Wedding invitations may sound simple enough, but there’s a little more to it than that. As two friends of mine who are getting married recently found out, details in the wedding invitation (like the date of the wedding…yes, they actually left that part out) can be easily overlooked. So here are the basic things you need to make sure of before you ship out your beloved invitations:
1.) All general information is included. Who is getting married, the date, time and place of the wedding (and reception, if it is in a different location), the dress code and a picture of you and your fiancé need to be included. And yes, a picture is essential. You may know who your grandmother is, but if she’s got 12 other grandchildren to keep track of (and she’s in her mid-80’s), a picture will be an invaluable help to her.
2.) A map and accommodation information. Sure, it may seem incredibly unnecessary, what with all the GPS systems nowadays, but don’t assume all your guests have this technology. Even so, many of the weddings I travel to are located in Western Maryland, and there’s definitely no internet connected in the middle of the mountains. A map is always useful. In addition, you are going to have guests that are attending your wedding from out of town, and it will be a huge help if you can provide them with a few options of where to stay.
3.) RSVP instructions. If you want people to RSVP by mail, it’s essential to include a self-addressed, pre-stamped RSVP card. If you want people to RSVP online instead, you need to give them directions to website or Facebook page, etc. However, it’s best to keep an open mind. Your grandmother is probably not going to have a Facebook page and most likely won’t be able to navigate to your website. Make sure she has an actual RSVP card that she can mail back. Put a number on the back of the RSVP card that you track. As some guests forget to put their names on the card.They just say yes, 2 attending.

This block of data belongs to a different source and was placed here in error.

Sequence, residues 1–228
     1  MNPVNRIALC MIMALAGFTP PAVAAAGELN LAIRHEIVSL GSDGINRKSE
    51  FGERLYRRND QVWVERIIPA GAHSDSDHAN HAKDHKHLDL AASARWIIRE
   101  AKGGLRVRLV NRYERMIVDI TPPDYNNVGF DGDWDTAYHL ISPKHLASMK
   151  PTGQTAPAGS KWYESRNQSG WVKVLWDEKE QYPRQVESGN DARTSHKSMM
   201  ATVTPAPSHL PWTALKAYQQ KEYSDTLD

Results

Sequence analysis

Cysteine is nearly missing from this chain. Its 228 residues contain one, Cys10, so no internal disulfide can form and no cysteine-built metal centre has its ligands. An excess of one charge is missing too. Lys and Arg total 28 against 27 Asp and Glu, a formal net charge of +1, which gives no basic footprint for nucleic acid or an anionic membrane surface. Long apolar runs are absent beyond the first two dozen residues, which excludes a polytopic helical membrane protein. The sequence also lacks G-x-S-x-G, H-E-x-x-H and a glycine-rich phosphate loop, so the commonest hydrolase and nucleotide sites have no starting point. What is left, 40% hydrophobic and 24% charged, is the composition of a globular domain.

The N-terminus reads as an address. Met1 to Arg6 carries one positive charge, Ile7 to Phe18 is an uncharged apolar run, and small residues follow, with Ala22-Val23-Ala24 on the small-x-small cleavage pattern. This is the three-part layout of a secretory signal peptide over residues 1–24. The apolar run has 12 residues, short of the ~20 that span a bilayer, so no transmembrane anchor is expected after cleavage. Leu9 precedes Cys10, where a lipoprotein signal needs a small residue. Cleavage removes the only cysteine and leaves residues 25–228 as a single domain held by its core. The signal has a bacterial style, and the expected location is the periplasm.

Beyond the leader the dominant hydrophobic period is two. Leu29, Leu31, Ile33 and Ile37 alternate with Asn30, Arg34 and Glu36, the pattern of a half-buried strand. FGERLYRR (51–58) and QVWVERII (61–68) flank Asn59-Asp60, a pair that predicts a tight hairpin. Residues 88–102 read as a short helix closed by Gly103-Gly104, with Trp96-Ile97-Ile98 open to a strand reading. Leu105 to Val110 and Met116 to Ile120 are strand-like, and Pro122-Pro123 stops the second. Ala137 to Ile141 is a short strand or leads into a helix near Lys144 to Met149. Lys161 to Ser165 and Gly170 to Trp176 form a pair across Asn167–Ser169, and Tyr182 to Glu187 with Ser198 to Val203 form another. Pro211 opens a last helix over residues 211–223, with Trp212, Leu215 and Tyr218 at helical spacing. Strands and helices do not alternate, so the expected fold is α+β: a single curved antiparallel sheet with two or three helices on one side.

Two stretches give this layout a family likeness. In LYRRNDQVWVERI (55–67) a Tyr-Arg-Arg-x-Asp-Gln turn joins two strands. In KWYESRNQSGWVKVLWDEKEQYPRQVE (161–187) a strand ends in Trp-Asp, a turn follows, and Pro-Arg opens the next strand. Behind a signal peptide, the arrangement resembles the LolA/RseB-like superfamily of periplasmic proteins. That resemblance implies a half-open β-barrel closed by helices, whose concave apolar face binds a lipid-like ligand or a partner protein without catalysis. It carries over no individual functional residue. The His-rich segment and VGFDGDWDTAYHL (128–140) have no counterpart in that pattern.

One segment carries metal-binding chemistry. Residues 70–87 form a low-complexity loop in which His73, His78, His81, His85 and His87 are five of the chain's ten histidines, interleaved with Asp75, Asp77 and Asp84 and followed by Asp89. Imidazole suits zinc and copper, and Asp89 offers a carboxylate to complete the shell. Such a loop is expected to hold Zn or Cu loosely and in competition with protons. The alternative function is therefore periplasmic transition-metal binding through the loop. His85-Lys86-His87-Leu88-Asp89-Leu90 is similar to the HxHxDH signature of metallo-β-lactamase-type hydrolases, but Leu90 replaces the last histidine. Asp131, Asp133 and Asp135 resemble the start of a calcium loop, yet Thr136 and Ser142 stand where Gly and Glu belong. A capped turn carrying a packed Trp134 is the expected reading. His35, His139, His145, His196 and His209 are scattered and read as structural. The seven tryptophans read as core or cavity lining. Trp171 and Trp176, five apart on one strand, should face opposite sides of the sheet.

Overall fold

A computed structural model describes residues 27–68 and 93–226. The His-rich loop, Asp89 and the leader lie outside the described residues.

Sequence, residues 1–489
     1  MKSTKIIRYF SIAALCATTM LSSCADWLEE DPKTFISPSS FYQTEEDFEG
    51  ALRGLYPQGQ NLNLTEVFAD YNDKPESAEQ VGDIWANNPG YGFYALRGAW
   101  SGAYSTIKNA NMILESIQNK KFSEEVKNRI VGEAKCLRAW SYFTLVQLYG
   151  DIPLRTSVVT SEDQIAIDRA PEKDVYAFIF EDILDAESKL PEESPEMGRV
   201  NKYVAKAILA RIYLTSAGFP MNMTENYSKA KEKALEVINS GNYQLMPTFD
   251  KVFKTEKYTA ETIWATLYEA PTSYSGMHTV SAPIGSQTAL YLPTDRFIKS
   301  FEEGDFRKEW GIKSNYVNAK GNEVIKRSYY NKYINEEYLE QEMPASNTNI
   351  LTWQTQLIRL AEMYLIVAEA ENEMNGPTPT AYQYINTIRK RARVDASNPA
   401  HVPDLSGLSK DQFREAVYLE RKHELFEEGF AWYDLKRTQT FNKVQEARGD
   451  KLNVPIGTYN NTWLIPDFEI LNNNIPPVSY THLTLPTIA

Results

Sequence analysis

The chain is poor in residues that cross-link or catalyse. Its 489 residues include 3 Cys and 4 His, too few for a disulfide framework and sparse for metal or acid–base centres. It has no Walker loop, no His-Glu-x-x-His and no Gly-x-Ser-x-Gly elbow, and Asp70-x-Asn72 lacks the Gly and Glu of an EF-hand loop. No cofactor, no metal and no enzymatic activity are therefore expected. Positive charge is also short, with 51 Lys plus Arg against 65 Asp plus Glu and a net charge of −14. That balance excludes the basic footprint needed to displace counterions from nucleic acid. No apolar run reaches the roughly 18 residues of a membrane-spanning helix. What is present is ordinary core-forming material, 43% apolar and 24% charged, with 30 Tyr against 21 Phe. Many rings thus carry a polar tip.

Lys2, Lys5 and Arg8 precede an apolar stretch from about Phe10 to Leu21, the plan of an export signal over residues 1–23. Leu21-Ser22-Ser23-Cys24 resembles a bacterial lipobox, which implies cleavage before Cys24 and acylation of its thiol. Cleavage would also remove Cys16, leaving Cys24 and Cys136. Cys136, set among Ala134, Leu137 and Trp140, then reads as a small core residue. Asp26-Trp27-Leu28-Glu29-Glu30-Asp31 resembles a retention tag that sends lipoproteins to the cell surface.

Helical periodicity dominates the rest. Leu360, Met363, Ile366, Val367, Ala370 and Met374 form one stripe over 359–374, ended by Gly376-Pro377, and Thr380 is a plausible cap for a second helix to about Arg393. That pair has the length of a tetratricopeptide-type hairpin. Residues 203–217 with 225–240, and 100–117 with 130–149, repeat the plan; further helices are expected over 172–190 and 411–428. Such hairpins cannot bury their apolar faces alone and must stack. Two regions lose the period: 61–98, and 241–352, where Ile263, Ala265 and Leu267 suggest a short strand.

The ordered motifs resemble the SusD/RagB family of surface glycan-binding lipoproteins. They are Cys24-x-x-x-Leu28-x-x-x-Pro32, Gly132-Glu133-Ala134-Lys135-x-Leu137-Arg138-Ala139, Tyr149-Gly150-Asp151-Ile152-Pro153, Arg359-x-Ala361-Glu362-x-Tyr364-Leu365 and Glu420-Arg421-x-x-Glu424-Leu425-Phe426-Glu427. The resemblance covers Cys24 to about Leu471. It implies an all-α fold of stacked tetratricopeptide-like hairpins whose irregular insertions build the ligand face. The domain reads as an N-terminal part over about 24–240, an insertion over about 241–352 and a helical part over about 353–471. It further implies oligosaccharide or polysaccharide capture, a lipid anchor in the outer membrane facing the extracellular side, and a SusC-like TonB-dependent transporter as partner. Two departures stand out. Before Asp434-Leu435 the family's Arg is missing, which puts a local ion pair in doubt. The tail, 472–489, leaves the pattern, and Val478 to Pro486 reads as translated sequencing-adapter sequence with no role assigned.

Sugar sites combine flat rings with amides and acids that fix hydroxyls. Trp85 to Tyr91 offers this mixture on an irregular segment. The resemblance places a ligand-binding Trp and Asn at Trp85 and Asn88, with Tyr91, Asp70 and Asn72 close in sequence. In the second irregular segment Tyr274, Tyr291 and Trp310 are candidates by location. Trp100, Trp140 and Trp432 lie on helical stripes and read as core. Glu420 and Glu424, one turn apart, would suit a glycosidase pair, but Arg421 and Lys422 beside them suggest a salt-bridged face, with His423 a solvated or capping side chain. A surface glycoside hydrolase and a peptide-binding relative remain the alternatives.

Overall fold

4.) Website and related events. If you choose to have a wedding website (a fantastic idea, and I explain why here), add it in with your invitation. Related events would include a rehearsal dinner or brunch, a round of golf or a mid-day hike. Just make sure that you’re inviting the right people to the right event. If you don’t want all 200 guests to show up to the rehearsal dinner, make sure all 200 of them don’t get an invite for it.
5.) Registry information. In some circles, putting registry information in your invitation can seem rude (yes Martha Stewart, I’m talking to you), but many people (myself included) that it’s even more rude to leave them in the dark until they get the courage to ask you or one of your family members where you are registered. Giving them a heads up in your wedding invitation isn’t rude, it’s considerate.
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